Next, mix up the dough.  Nothing complicated. And no fancy ingredients.  It's a very simple recipe, actually.

But here comes the infuriating fun part.  Prepare to roll!

I use my handy dandy Do-Bord.  Well-floured.

Roll about 1/8 inch thick.

And here's where the fun comes in.  I don't know what is up with this dough, but it's horrid to work with.  It's crumbly, but not dry, so adding more liquid doesn't help.  Adding more flour makes it tough, and so defeats the purpose.  I believe I mentioned in a prior post that I make three batches of everything at Christmas.  I make one batch of these. (Take note of the spatula in the above photo.  We'll refer to it later.)

Cut out the shapes you want.  I used circles for demonstration purposes.  Any shape will do, as long as it's got enough room in the center to add filling.  A candle, for example, would not work.  Mittens work nicely, as do rocking horses, boots, stockings, bells, stars, etc.  But circles are easiest.

I have found that the best way to get the dough onto the cookie sheet, aside from rolling it on the sheet, which I can't do...and that's why I have a to use a sharp metal spatula to lift them.  Then they're only slightly mangled when you put them on the cookie sheet.

Anyhoo, repeat until the cookie sheet is full.  Then add about a teaspoon of filling to each cookie. 

Go through the whole rolling ordeal again, and add tops to the cookies. No need to add water to the edges, or anything.  They stick just fine.  Just press down firmly to seal, or they'll leak in the oven.

Bake at 400 F for 6-8 minutes, or until the cookies are just starting to turn golden around the edges. 


And there you have it.  Grandma's Stuffed Cookies!  I have found it necessary to refuse to tell people what they are stuffed with until AFTER they eat one.  Because people generally love them.  But they hear the word "dates" and they freak out.  It's weird.

Because you can't get the recipe anywhere else, here it is!  I hope I'm not violating any secret family code by posting this.

Grandma's Stuffed Cookies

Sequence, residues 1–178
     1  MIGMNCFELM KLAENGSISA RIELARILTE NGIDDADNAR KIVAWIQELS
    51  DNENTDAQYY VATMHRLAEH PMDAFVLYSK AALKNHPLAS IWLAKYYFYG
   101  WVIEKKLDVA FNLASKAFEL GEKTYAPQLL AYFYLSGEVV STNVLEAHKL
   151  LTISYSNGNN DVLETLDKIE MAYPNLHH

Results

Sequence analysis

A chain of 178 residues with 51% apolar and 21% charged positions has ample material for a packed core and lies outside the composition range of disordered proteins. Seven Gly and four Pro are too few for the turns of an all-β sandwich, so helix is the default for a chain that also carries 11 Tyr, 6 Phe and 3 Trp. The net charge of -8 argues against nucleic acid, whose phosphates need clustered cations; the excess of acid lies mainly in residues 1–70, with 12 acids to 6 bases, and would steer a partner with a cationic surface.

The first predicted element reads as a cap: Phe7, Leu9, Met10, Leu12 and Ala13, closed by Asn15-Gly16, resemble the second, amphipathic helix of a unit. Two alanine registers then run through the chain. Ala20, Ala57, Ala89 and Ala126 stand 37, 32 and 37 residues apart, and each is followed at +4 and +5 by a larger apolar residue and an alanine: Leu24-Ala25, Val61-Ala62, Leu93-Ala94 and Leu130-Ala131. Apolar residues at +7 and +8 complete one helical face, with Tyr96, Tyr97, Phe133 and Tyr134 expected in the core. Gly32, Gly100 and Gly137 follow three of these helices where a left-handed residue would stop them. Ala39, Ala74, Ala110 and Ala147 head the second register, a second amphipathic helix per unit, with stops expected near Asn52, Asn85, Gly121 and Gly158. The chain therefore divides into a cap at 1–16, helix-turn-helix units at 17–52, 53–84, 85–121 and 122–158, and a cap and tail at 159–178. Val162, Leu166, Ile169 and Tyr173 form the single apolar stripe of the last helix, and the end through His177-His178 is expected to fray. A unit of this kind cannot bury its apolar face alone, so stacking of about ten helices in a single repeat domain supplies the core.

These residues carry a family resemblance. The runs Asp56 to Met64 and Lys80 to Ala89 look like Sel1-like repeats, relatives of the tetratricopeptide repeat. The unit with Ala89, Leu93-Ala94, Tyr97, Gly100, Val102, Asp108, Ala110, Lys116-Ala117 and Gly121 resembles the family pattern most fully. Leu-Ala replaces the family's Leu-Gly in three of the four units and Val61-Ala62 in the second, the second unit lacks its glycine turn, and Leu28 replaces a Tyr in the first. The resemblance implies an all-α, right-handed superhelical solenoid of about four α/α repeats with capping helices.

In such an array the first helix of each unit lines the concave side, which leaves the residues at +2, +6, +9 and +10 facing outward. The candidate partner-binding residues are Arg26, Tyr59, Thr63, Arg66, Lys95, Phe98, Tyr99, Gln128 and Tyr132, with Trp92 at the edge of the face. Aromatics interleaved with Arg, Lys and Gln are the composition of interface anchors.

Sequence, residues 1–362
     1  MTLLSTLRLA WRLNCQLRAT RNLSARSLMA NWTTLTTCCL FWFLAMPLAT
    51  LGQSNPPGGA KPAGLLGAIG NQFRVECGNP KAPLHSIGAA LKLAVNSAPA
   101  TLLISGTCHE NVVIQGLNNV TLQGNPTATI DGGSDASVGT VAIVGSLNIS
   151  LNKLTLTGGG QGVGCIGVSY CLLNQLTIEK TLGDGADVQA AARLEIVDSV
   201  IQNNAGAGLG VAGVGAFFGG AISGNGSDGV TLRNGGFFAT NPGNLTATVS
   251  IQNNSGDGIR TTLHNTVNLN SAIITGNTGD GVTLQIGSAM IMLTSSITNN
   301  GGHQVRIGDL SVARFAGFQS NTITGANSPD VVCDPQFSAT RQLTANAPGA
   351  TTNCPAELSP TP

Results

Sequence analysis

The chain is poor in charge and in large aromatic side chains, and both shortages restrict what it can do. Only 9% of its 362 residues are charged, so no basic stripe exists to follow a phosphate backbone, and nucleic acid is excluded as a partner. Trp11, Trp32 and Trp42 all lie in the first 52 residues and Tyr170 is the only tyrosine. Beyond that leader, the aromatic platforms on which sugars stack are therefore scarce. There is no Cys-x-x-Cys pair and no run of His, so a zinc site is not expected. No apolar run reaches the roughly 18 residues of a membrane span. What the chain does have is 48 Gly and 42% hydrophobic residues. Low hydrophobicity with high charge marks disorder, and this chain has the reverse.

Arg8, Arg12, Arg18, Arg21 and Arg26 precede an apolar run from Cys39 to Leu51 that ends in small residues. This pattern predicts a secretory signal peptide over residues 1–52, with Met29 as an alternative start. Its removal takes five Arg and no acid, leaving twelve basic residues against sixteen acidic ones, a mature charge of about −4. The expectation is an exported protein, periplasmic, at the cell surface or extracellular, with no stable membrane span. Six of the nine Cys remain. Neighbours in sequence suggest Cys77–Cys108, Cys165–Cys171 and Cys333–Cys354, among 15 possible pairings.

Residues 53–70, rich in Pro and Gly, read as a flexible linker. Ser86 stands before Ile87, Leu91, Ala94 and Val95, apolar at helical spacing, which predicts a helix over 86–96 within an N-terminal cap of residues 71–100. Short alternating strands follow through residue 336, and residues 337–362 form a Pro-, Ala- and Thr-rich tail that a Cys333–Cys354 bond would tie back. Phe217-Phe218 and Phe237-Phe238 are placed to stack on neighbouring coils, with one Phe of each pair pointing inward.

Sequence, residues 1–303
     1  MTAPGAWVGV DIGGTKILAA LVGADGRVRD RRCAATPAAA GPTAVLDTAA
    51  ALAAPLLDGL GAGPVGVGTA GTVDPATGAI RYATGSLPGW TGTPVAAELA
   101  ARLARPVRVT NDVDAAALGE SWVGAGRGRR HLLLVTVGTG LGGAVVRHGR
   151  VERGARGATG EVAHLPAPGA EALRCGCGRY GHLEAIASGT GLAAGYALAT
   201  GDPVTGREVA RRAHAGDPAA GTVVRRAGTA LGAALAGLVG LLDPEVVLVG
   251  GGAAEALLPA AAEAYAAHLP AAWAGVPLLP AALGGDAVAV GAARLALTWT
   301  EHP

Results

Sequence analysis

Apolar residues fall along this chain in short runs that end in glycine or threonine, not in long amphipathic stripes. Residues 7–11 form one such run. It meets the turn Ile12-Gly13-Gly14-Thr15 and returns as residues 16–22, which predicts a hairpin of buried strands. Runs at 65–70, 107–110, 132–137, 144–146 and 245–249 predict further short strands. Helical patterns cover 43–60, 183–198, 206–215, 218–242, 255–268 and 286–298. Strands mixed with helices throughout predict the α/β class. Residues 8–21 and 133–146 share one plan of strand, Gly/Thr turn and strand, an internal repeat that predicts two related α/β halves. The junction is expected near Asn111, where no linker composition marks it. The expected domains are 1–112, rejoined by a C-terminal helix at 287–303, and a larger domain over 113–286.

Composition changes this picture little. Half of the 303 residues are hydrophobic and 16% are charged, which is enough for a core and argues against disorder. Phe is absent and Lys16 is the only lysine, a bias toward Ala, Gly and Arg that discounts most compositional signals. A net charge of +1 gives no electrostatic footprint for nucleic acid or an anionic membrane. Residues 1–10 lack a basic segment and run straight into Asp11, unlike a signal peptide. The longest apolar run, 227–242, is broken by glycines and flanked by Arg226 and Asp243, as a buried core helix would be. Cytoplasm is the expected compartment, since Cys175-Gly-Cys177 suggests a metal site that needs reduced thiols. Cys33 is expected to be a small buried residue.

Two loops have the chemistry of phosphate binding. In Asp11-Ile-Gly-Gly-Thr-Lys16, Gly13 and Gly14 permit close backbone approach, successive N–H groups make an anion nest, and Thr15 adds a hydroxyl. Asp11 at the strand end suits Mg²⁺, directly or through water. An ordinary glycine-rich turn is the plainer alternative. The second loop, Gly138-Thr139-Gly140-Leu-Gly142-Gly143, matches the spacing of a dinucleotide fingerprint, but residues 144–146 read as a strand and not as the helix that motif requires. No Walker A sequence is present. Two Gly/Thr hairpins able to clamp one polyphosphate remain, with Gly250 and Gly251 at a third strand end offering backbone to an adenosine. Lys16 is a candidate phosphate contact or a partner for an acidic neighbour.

1 cup sugar
1 Tbs flour
1 cup raisins
1 cup chopped dates
2 Tbs lemon juice
pinch salt
3/4 cup water

Combine all ingredients in saucepan.  Cook over medium-low heat until thick.  Cool.

4 1/2 cups flour
1/2 tsp salt
2 tsp baking powder
1 cup shortening
2 cups sugar
2 eggs
1 tsp vanilla
4 Tbs milk

Combine dry ingredients in a bowl and set aside.  Cream shortening.  Blend in sugar.  Add eggs and beat until smooth.  Add vanilla.  Add dry ingredients alternately with milk.

Roll out 1/8 inch thick. Cut out two cookies and use about 1 tsp of filling (sandwich fashion).  Press edges firmly to seal.  Bake at 400 F for 6-8 minutes, or until edges just start to turn golden.

Well, that's all for now.

Saturday, December 15, 2012

A Charlie Brown Christmas Tree...and More

I had trouble deciding what kind of decorated cookies I wanted to do this year.  I wanted something simple.  But not too simple.  Last year was ornaments, and the year before that was snowflakes, but I wasn't happy with the cookies either year.

So I decided to do random Christmas shapes.  Trees, snowmen, snowflakes, mittens, stockings, candy canes.  To tie them all together, they would all be outlined in black.  But I needed a focal point.  Then it hit me.  Why not a Charlie Brown Christmas Tree?

What do you think?  It was the first one, so I'll do more and they'll be better.  The girl thought it was so cute that I put a tomato on the little Christmas tree.  :-\

Anyway, here are some of the others in the collection:

There you have it.  Like I said, nothing fancy.  I'll be doing more later this week, so I'll post photos if the computer allows.